Also of note is that this music format is supposedly years in the making. In fact, Bono claims the idea stretches all the way back to 2009 and had the blessing of Steve Jobs.
So 5 years ago I began a conversation with Steve Jobs at my house in France and I said to Steve: "How is it that for a person who cares about the way things look and feel more than anyone else in the world that iTunes looks like a spreadsheet?"
Another interesting tidbit: Bono gave us an update as to the total number of iTunes accounts. The last time we received an official figure from Apple was this past April during an earnings conference call when Tim Cook boasted of 800 million accounts.
He was not happy. That was before they managed to even get a full screen photograph up.
So he made a promise to me that we would work on this together, and with the team at Apple we've been doing it for years, and it's not ready yet for Songs of Innocence, it will be ready for Songs of Experience. And it's very exciting. And it's a new format, and you can still get the Mp3 format, and you can rob it or whatever you want but you won't be getting the full experience. It'd be like you walking down the streets in Dublin in the 70s with a copy of the Rolling Stones album Sticky Fingers; just the vinyl, and not the Andy Warhol designed sleeve. You wouldn't feel like like you had the proper package.
According to Bono, that number today stands at 885 million. And while we have no confirmation from Apple, it stands to reason that Bono, thanks to U2's recent deal with Apple, is likely to be aware of the most up-to-date figure.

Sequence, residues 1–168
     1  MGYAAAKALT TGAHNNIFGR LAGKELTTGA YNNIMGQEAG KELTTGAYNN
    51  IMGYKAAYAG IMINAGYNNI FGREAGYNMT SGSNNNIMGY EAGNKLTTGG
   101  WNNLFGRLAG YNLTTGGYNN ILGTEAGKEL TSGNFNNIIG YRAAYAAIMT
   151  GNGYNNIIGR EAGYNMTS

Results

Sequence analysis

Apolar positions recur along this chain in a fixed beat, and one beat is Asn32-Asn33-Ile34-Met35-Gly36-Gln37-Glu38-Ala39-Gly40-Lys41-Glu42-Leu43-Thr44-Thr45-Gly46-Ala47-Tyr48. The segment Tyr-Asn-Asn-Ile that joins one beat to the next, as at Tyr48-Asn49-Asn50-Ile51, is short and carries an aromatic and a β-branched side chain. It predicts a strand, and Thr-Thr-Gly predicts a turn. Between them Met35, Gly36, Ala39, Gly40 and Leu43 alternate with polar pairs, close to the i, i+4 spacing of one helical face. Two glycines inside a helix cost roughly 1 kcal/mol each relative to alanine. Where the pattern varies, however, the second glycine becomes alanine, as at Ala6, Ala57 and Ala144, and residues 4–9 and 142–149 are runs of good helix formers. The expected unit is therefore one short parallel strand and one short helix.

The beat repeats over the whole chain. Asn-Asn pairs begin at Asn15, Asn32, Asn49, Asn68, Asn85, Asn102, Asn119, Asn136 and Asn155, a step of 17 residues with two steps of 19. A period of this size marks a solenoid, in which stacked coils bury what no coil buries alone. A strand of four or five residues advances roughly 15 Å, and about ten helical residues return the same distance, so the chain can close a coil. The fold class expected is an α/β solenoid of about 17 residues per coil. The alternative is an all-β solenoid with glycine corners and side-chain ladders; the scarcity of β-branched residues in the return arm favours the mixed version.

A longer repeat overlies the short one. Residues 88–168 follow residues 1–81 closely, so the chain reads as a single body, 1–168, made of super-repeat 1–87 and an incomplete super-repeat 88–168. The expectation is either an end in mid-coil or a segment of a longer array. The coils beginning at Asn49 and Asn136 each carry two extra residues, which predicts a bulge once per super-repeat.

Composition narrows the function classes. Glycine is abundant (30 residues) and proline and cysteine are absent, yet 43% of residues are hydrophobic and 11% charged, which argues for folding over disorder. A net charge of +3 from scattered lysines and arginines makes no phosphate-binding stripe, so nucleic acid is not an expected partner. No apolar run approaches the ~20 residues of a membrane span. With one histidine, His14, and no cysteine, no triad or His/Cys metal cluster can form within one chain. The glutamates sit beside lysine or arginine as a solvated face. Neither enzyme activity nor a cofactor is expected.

"They have 885 million iTunes accounts," Bono told Fanning, "and we're going to help them get that number to a billion."
Bono ventured on to discuss the music streaming business model, emphasizing that it's a great way to get musicians paid for their work.
On the streaming front, we're still waiting to see how Apple plans to integrate Beats Music into its product lineup. Most recently, an Apple TV update introduced a new Beats Music channel but aside from that there's been no news.
[One billion users is] 1/7 of the earth's population. If 1/10 of those people were to be part of a subscription service like Spotify has, and I'm a huge Spotify fan, at $10 a month... Do the math. That's a billion a month. That's $12 billion dollars. That's bigger than the entire music business coming out of one company. Even if it was 5%, now musicians are suddenly in a game that people are ready to pay for, their lives are changed.
And forget about touring bands, what about the songwriters? Cole Porter, where would he be now? He didn't sell t-shirts... so that thing that U2 is for free music is bollocks or people who are too blind to read the newspaper properly.
Now what would really be interesting is if Apple introduced the aforementioned enhanced album features as part of a $10/month Beats Music subscription. That might be a great way to not only attract new users but to get Spotify users to defect -- a tall task given how many people are used to Spotify and absolutely love the service.
As a final point, Bono discussed briefly why U2 enjoys collaborating with Apple, specifically pointing out that Apple, more so than any other tech company, is concerned with ensuring that musicians are getting paid for their work.